Take the 2-minute tour ×
Server Fault is a question and answer site for professional system and network administrators. It's 100% free, no registration required.

We have an older cluster using 2 Dell 6850's with 64 gigs of RAM.

We are going to be upgrading the cluster to use 2 Dell R900's with 128 gigs of RAM.

However, the plan to upgrade is going to involve having all 4 nodes in the cluster at the same time.

What I can not find is any documentation about running a cluster with dissimilar hardware. Is this even supported? My guess is that it's definitely not a best practice, but my greater concern is if it's even a supported configurtion.

share|improve this question
add comment

3 Answers

up vote 0 down vote accepted

I don't think that is supported, but it should work while you transition everything to the new systems and remove the old nodes; you just need to be careful about storage and network configuration, as usual.

BTW, what kind of application(s) are you running on that cluster? If it runs anything different from standard O.S. services (i.e. file and print sharing), this can get quite difficult; f.e., you must be really careful if SQL Server or Exchange are involved.

share|improve this answer
    
It's a SQL box. –  Jim March Aug 25 '09 at 18:19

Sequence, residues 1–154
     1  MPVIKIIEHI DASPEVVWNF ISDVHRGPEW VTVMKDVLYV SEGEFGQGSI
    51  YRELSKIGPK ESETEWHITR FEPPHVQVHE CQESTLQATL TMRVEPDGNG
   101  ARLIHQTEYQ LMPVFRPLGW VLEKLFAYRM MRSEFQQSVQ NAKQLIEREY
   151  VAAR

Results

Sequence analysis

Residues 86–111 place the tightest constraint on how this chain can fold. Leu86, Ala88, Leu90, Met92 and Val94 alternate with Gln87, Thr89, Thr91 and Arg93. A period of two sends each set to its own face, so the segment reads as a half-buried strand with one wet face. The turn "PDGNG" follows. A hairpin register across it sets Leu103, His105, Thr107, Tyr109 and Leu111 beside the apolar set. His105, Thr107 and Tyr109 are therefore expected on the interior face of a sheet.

Which version? This is how to do it with 2005: msdn.microsoft.com/en-us/library/ms191545(SQL.90).aspx. –  Massimo Aug 26 '09 at 3:09
add comment

Yes it is supported without issue. Simply add the new nodes to the cluster, install whatever software is needed on them. Then add the new nodes as available nodes on the resource group(s) in question.

Then fail the resource groups to the new nodes.

Then remove the old nodes.

share|improve this answer
    
This is 'sorta' the way we are going to do it. Except that the old nodes will remain in the cluster for at least a month. The reason being is that management wants them in the cluster as a fail-back mechanism. This way if the application for whatever reason fails, they can't point the finger at the new servers. –  Jim March Aug 24 '09 at 18:37
    
Shouldn't be a problem. You should be able to put as much time as needed between the steps. –  mrdenny Aug 24 '09 at 18:58
add comment

Having just gone through this with Server 2008, they make it very clear in 2008 that anything but identical hardware is not supported. 2003 is not 2008, but it does show how Microsoft thinks things should be done.

share|improve this answer
1  
Actually, in Windows 2008 the only requirement is that you pass the cluster validation wizard. Which I believe will allow for small differences in hardware.... –  Jim March Aug 24 '09 at 18:36
    
Jim is correct, as long as the cluster passes the cluster validation wizard it is supported by Microsoft. I have carried this out on very disparate hardware (Dell R900 and 1950 in a cluster == Supported) –  Dan Mar 15 '10 at 15:02
add comment

Your Answer

 
discard

By posting your answer, you agree to the privacy policy and terms of service.

Not the answer you're looking for? Browse other questions tagged or ask your own question.